The Parish Church of St John-at-Hampstead

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July 2017

The Vicar writes

Jeremy Fletcher

I’m a member of the Company of Merchant Taylors of the City of York. We are as ancient as the London Taylors, though we have a fraction of their funds! For the last eight years I’ve also been the Chaplain, and in June each year I’ve preached to the Company and assembled guests in York’s Guild Church, All Saints Pavement. I did so on June 21 this year.

I’m reproducing some of that sermon here because I reflected on my experiences of moving into a city which has faced such recent devastating challenges. The new master of the Taylors in York is Philippa Lester, the first woman to be Master. Philippa is Jewish, and the service on our Charter Day is Evensong. We wanted to affirm out two great and linked faiths, and did so by making clear how much of Evensong derives from the Hebrew Scriptures, and by including some Jewish prayers, one of which is recorded on the lips of Jesus in the Gospels.

The need to affirm what we have in common, and to respect our differences also, has become much more than theoretical because of the attacks in London and Manchester, and because of the joint efforts of so many following the Grenfell fire. Here then is some of what I said in my sermon.

"You will not need reminding of the challenges my new home city is facing. I can see Grenfell Tower from my bedroom. Finsbury Park is a couple of miles east. Westminster and London Bridges are as familiar to you as to me. What has happened there strikes at what it is to be human, to be a neighbour, to share the same space and air and values and loves.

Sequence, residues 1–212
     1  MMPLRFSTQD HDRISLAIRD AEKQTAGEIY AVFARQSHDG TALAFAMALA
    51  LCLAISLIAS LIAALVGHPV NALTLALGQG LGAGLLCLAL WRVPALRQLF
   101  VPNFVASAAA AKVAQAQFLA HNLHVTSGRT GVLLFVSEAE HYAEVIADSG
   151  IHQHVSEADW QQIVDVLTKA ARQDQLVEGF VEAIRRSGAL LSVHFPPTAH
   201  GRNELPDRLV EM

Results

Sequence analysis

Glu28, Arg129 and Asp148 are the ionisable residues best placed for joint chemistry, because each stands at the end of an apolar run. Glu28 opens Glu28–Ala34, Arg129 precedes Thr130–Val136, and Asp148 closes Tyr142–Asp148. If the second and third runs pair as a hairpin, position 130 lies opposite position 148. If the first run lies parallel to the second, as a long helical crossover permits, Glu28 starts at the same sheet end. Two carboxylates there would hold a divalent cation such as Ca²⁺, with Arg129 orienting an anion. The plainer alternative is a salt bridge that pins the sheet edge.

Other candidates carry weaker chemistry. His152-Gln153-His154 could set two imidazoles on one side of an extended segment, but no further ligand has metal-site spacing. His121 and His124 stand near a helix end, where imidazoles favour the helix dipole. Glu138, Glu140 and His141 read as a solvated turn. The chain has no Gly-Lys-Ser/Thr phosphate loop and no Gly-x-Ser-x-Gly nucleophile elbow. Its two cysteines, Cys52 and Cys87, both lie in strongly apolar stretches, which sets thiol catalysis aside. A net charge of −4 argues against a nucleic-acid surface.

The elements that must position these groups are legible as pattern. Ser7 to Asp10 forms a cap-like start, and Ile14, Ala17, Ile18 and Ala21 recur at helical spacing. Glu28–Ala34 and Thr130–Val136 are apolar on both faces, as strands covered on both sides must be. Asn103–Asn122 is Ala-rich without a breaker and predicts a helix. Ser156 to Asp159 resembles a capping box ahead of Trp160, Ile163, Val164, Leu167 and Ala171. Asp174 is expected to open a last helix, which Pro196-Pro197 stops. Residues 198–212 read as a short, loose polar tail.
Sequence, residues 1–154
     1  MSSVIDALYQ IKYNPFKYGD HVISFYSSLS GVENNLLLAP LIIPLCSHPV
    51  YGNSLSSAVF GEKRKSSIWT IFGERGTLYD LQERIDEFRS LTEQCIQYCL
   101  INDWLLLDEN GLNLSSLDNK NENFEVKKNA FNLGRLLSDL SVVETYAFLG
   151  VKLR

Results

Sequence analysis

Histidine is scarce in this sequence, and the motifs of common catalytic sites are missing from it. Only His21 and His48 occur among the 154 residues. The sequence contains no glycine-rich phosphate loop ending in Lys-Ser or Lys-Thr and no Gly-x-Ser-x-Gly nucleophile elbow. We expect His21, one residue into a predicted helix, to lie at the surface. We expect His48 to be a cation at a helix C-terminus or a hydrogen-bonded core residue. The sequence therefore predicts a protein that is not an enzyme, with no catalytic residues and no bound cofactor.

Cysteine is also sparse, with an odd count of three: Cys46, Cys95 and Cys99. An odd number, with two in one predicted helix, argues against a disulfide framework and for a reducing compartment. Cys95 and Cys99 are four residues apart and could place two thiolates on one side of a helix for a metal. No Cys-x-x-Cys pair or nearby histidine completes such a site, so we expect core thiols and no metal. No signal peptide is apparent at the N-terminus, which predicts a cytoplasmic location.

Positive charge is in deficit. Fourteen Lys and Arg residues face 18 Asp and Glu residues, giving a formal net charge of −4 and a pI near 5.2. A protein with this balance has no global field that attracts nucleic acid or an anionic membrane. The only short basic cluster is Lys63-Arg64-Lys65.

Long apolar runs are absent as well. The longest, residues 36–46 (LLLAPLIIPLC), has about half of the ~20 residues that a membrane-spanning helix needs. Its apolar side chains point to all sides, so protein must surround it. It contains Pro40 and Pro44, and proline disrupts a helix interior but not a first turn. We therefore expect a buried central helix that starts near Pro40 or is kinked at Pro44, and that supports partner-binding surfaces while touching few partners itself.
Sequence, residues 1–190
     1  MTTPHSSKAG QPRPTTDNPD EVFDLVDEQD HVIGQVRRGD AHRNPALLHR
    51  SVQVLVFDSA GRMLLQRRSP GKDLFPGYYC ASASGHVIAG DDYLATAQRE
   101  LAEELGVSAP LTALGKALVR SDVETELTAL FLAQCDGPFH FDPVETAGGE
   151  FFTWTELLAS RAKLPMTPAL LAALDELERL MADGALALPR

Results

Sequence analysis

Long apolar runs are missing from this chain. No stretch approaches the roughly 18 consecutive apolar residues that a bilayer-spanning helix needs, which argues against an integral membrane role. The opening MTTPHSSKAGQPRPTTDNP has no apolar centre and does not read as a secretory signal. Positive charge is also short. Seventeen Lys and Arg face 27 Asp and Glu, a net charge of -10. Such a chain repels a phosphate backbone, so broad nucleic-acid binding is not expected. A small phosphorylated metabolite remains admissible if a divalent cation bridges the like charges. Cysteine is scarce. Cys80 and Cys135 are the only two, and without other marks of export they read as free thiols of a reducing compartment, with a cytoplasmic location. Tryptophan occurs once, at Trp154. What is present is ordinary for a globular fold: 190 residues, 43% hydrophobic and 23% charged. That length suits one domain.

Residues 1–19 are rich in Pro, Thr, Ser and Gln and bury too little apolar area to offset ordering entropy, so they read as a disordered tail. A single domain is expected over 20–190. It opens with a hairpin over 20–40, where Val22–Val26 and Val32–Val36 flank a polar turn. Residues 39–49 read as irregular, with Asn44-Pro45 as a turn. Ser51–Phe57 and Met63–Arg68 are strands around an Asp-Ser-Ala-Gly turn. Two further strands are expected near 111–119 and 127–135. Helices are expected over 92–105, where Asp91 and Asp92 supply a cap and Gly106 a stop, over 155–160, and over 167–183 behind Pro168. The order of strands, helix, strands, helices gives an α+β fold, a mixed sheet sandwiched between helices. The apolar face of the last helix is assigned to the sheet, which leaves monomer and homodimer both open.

One of the reasons to look forward to life in a world city was the interaction of communities of different faiths. That interaction has taken tangible and real form in recent weeks: a ‘get together’ last weekend in a Jewish Centre addressed by a Muslim MP. Last night members of my congregation were with their friends at Muslim Welfare House in Finsbury Park, showing solidarity and bringing gifts of food and water for Iftar as the fast of Ramadan was broken at sunset.

It is a privilege to preach my last sermon as Chaplain on an occasion which brings together two great faiths. The theme of today is the valuing of that which we share, and the treasuring of that which we can appreciate in each other. It has been good for me to work that out in a situation where different communities of faith and culture live so closely together.

Philippa chose the Book of Ruth, from the Hebrew Scriptures, for today. Reading it is a particular feature of Jewish worship during Shauvot, the Feast of Weeks, between Passover and Pentecost. Ruth is not Jewish. She met her husband, a Jew, when his family crossed the Jordan into Moab, thirty or so miles from Bethlehem, to escape famine. Even though she was his wife for ten years, as his widow she had no rights as a Jew, and her mother in law felt her best chance was to remain in Moab.

Ruth will have none of it. She is determined that two people for whom the Jordan is a literal boundary will be bound together, because there is something deeper between them than blood and race and geography and faith. ‘Where you go, I will go’, she says to Naomi. The story continues as she is welcomed, involved and literally ‘redeemed’ in Israel; so much so that, when she marries again, she is to be the grandmother of the great King David. At the heart of the story of the people of God is an outsider, a boundary crosser, an unlikely one.

Naomi had prayed that the Lord would look ‘kindly’ on Ruth. It is the word used in the blessing of Aaron with which I will end this service: the Lord look ‘kindly’ upon you. This is more than gentle benevolence. It is hard edged, powerful, practical action to make things right. This is redemption and rescue and healing and reconciliation and forgiveness and a new start. Such ‘kindness’ is what my challenged city, our challenged nation, needs right now.

Our ancient faiths, Jew and Christian, and this ancient Company, are well placed to act ‘kindly’: to say to a country facing challenge and attack and doubt and despair that we not only want to live and work and be together, but that we can do those things, we must do those things. That we will, as with Ruth and Naomi, go where others go and lodge where others lodge.

Our history and our traditions and our faiths require nothing less of us than to love, to serve, to care, to heal, to welcome, to redeem. May we do so in such a way that cries of pain turn into songs of praises ever given to God, now and unto ages of ages. Amen."

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